# Rolling Pearson’s r with financial data?

I computed rolling correlations for each 25 quarter period in my 200 quarter x and y datasets. Each p-value is greater than 5%, and is therefore “insignificant.”

All I want to know is if my rolling correlations have ANY value. I’m really interested in the degree to which x and y are correlated in each 25 quarter period. I do not intend for the 25 quarter correlation to be representative of the correlation between all 200 x values and all 200 y values. Let’s say for one of my 25 quarter periods the correlation is 100%, but p-value is 95%. Is it not still true that in that particular 25 quarter period, x and y were in fact 100% correlated???

• ANY value? Well, they're telling you that there isn't statistically significant correlation across the window size you've chosen. Could readily be due to high variance and/or non-linearity. Jun 29, 2021 at 2:43
• The more I read the more complicated this is… corrected vs uncorrected p values due to an issue with applying standard t tests on rolling correlations. I don’t think you need to have them be significant to tell you something about a given window. Jun 29, 2021 at 4:22
• The p-value gives the likelihood of a data-generating process giving a test score as-or-more extreme than observed. Often this is taken to be identical and independent normal distributions, but in time series you could consider a variety of stochastic processes including Gaussian processes. Jun 29, 2021 at 4:49
• The adjust p-value is accounting for the fact that the family-wise error rate increases with the number of tests you perform. Jun 29, 2021 at 4:50
• Understood. What do you make of this? search.r-project.org/CRAN/refmans/dLagM/html/sdPercentiles.html Jun 29, 2021 at 4:51

Without actually being able to see how you are doing what you are doing, I cannot give a definitive answer. However, for purposes of discussion, we will assume your code is correct.

I see a lot of separate issues in your question.

First, we do not know if Pearson's correlation coefficient is an appropriate metric. If you were looking at accounting data, such as accounts receivables versus inventories, on a quarterly basis, then it would be appropriate. On the other hand, for many types of financial returns, it would not be. So you should dig into the assumptions of Pearson's coefficient and see if they are satisfied. It is not enough to assume that they are satisfied, they actually must be satisfied.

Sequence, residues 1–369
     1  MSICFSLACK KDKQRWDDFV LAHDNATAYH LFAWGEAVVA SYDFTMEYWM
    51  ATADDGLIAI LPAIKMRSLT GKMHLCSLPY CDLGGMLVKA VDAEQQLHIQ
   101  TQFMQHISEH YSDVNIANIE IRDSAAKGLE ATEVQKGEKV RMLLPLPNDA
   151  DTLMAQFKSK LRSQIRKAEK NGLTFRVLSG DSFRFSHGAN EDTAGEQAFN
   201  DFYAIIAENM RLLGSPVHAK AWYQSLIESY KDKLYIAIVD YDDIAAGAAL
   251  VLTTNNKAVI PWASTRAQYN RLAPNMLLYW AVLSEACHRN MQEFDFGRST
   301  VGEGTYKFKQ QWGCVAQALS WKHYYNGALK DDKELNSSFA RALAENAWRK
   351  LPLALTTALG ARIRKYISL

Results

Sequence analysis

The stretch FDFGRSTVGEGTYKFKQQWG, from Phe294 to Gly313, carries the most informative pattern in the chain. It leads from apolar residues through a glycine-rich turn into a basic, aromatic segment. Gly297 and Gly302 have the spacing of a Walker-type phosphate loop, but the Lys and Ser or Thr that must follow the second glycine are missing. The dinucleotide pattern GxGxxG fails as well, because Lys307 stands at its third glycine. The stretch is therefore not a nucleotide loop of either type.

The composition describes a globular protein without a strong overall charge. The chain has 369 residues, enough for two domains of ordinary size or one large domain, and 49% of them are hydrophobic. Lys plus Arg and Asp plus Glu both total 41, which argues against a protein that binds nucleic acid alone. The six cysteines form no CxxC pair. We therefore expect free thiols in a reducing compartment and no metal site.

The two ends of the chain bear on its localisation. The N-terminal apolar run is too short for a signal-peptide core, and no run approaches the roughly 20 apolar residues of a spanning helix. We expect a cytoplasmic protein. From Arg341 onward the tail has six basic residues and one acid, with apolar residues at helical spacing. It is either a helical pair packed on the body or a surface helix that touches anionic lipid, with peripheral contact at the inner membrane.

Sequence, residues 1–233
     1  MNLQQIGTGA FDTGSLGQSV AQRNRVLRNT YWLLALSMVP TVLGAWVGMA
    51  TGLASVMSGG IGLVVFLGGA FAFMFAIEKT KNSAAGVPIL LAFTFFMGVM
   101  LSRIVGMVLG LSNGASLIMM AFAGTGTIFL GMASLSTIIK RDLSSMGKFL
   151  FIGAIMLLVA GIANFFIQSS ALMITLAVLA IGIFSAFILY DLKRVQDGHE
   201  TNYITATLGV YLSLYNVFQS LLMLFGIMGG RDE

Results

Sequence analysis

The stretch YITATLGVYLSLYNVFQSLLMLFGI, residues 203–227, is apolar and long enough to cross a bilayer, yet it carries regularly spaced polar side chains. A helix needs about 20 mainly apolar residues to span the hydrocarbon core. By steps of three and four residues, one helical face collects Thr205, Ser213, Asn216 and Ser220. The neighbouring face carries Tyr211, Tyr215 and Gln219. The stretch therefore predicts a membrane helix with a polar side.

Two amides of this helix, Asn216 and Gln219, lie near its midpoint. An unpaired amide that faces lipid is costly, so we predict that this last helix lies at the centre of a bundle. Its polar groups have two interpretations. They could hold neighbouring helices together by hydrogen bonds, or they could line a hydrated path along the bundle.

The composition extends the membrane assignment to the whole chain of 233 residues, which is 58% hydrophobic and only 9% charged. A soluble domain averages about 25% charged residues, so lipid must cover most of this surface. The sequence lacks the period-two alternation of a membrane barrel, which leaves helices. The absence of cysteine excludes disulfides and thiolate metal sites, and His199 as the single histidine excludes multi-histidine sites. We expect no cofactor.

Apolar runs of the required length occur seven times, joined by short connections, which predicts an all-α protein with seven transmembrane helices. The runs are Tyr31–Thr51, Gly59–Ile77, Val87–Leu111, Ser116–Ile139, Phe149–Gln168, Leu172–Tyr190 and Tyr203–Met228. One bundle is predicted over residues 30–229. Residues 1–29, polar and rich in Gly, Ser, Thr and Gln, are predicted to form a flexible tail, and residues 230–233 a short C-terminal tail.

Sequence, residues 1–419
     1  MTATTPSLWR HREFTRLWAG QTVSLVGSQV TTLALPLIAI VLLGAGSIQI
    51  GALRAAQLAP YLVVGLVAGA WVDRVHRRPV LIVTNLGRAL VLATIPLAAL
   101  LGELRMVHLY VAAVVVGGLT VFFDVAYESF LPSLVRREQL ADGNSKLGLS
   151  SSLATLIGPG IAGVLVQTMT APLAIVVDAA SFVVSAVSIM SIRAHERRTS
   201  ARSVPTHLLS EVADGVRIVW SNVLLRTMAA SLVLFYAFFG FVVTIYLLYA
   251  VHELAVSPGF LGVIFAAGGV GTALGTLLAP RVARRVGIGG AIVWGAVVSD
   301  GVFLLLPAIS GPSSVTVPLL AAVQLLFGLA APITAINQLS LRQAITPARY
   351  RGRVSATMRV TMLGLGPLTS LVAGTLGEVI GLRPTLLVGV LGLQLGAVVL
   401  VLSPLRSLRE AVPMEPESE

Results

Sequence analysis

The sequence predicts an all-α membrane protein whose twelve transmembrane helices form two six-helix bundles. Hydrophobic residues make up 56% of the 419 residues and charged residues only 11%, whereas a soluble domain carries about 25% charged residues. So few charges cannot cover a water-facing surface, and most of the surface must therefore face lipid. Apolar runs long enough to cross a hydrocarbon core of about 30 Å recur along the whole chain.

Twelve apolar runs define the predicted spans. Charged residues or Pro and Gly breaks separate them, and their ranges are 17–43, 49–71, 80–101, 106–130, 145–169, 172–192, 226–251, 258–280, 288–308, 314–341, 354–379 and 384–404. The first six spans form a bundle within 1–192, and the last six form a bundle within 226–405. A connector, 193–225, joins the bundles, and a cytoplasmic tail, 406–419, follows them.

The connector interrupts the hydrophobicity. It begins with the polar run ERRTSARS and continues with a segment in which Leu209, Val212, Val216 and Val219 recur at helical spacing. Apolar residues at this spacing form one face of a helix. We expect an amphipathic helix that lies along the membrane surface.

You are using rolling periods, why? If it is because everybody else does it, then that is a bad reason. If a correlation is a stable property of the population, then it is stationary. If you are saying that it is not stationary, why would it happen to correspond to your particular window? Whether you intended to or not, you are asserting that some market changes its mind exactly every three months. If that is not at least an approximately true statement, then the correlations will be bogus.

For example, let us imagine that components of the US stock markets break about every 73 days, on average, but sometimes only last 20 days and have lasted as long as 700 days. That will totally blow up your fixed quarterly window.

Assuming that your null hypothesis is that there are no correlations in the entire set, and if that null is not rejected, then that implies that your correlations could have been generated by chance effects alone. That would make your statement, "if it were 100% correlated" to be like the case where many people are tossing coins and one tossed a coin as heads ten times in a row and asking "wasn't that one coin tosser the best?"

If you see two people walking down the street together, it could imply that they are best friends going to a common destination. It could also imply that they are strangers that intersected and at the moment are going in the same general direction. At some point, one may go to a coffee shop, while the other catches a bus to go home. With very many interactions, that is bound to happen from time to time. The correlation of the two paths only is meaningful in the common destination case, not the happenstance case.

Additionally, p-values are not unique. There are very well known examples where two researchers observing the same data will get two different p-values as p-values are model dependent. The intentions of the researcher can determine a p-value. In your case, because you are doing multiple comparisons, there will be a correction factor. The multiple comparison rules are not unique, so two researchers observing the same data can get differing p-values if they employ different rules for multiple comparisons.

It assumes that $$x_{t+1}=x_t+\epsilon_{t+1}$$, but for many financial series such as stocks, $$x_{t+1}=Rx_t+\epsilon_{t+1},R>1,$$ such as stock prices. If the return were less than or equal to one, then equity investors would expect systematic losses.
As a side note, there is a proof in 1958 that the equation $$x_{t+1}=Rx_t+\epsilon_{t+1},R>1,$$ has no non-Bayesian solution under quadratic loss, though you could use Theil's regression or quantile regression through the median.
• No, it might be 0. A statistic is a measurement that is a function of the data. As the data has noise in it, then the result can entirely be noise with no signal whatsoever. There is no requirement that $\hat{r}=.25$ that implies that was the actual relationship. Jun 29, 2021 at 5:20